Iraq was a mistake. We owed nothing to the "noble Iraqi People" wen we went in with our liberation excuse - nor did we owe them the 22,000 casualties and the 700 billion we borrowed from China and Saudi Arabia to nation-build under resentful, treacherous Iraqi gazes. The only Iraqis worth it, collectively, appear to be the Kurdish people - who have acted in a responsible, civilized manner since the invasion. (though the Sunni Arabs had just grievances on us - mainly the disastrous Bush-Cheney-Bremer decisions to destroy the military, police, and functioning government of Iraq through their purge of all Sunnis).

As for Bush - he will never be thought of as a good President - except by the very wealthy and militarists. He is in Jimmy Carter territory with major, discrediting domestic and foreign policy messes it will tale a long time to clean up.

salvage said...

And what exactly was started? And what is the finish?

Doyle said...

Actually, it doesn't necessarily mean there's support for "finishing what we've started."

Is leaving within a year still a majority position? I bet it is.

Doyle said...

And what is the finish?

Staying forever is winning.

Doyle said...

Ultimately, the continued presence of US troops in Iraq serves mostly to let war supporters continue to argue that things would be much worse if we left.

Soldiers are dying so that people like Ann don't have to come to grips with how f---ing stupid they are.

Roger said...

I believe we will see some force draw down before the end of the year; as for residual forces, someone correct me if I am wrong (as if that wouldnt happen anyway), but I believe both democratic candidates have talked about leaving some forces behind in Iraq; Obama for security purposes and Clinton for training and security.

ZPS said...

The support to withdraw changing from 53% to 49% is supposed to signal that people think the "war" is "going well"?

Besides falling within the margin of error, this only signals that Ann will post anything to validate her misguided support of a quagmire.

Of course there are less casualties; there is more manpower and thus more security. By this logic, the only way to "win" is to keep adding more troops and leave them there indefinitely. If you're ok with that, have at it.

I'm just glad that I, like you, Ann, don't have any children over there.

Too many jims said...

Doyle said...
Is leaving within a year still a majority position? I bet it is.


According to the Pew survey that is not the majority position. Only about 15% support immediate withdrawal and 33% support withdrawal "over the next year or two." Of course it is a poll so it may not accurately reflect reality.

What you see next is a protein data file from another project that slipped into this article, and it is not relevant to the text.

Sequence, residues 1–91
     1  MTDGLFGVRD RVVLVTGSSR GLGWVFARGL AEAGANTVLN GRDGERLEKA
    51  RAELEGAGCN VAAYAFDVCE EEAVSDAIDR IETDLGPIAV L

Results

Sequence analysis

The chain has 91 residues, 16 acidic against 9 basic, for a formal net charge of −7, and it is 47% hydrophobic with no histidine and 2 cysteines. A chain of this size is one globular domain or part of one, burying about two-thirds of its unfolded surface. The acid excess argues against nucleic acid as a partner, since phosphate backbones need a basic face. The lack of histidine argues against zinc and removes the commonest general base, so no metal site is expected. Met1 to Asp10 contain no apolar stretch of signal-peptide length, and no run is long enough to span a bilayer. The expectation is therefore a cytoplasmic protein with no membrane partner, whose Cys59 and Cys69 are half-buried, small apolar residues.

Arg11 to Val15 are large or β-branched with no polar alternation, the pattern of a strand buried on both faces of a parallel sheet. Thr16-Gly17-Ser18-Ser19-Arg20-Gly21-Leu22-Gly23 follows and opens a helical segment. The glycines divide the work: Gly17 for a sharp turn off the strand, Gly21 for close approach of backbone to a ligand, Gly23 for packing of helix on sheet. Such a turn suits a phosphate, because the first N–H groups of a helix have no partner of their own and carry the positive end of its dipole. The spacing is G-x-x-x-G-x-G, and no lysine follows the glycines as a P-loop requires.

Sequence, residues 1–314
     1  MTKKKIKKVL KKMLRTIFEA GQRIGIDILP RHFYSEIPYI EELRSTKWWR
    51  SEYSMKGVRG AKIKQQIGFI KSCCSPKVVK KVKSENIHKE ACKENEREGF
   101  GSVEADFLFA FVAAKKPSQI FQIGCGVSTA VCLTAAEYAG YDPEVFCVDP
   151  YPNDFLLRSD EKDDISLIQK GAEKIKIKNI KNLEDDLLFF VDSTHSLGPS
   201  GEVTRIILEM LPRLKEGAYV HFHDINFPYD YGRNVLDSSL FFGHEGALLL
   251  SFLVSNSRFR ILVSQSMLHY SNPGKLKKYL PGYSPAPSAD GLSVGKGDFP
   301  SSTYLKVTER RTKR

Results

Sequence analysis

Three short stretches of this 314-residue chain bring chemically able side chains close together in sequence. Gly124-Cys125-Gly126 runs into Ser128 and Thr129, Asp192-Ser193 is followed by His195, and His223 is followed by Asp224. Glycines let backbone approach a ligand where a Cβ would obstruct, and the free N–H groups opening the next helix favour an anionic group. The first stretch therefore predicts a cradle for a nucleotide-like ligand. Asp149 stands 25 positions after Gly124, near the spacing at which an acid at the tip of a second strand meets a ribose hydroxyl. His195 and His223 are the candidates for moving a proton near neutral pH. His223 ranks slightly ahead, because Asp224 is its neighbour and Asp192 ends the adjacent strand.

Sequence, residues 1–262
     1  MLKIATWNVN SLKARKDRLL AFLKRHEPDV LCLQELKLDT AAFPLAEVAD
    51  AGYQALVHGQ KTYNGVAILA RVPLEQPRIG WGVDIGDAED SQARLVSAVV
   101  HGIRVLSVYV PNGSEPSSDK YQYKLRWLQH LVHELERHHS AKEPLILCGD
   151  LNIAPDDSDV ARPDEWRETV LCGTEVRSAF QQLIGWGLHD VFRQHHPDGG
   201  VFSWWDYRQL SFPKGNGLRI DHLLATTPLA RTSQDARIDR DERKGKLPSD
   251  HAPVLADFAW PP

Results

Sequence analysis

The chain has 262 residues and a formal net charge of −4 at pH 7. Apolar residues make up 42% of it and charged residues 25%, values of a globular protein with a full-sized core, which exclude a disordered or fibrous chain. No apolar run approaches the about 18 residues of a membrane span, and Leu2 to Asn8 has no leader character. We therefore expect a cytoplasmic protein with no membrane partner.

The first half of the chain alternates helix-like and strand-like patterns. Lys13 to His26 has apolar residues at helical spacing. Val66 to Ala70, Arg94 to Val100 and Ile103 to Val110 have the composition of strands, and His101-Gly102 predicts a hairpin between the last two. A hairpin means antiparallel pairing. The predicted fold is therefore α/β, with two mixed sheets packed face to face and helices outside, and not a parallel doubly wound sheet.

AlphaLiberal said...

"No news is good news" is right. The reporting from and about Iraq is filtered and distorted.

For example, Bush is trying to act unilaterally to cement a long-term presence by the US in Iraq. He's not giving Congress a say in the matter. Do conservatives mind? Naaah... it's "follow the dear leader," the Constitution be damned.

Likewise, ethnic cleansing in Baghdad has been brushed aside. The millions of Iraqis dislodged from their homes and country is ignored. The corruption of the occupation is barely covered.

George said...

Cedar--

The Civil War probably looked like a mistake in 1868. I doubt many Southerners were grateful for their dead sons, ruined farms, and burned cities.

We use seemingly insane deficit spending to defend ourselves and spread liberty because it works. It's been the military/economic strategy of the American and British governments for 400 years, beginning when King Charles used debt to fight the French. Then the British used colossal debt to fight the French and Indian Wars and the American rebels, and we've adopted the same policies. People thought it was nuts then, and it's the same today. We're still crazy.

We keep doing it because history shows that Britain and the US grew freer, more prosperous, and stronger militarily even with huge debts. Right now, we've got zillions of Sunni Arab money pouring in to support US banks because the Sunnis fear the Iranians. We cannot be defeated.

Fen said...
This comment has been removed by the author.
Fen said...

For example, Bush is trying to act unilaterally to cement a long-term presence by the US in Iraq. He's not giving Congress a say in the matter.

Good for him. The Dems in Congress are treacherous weasels who want Iraq to fall back into chaos, simply to cover their political ass.

Bruce Hayden said...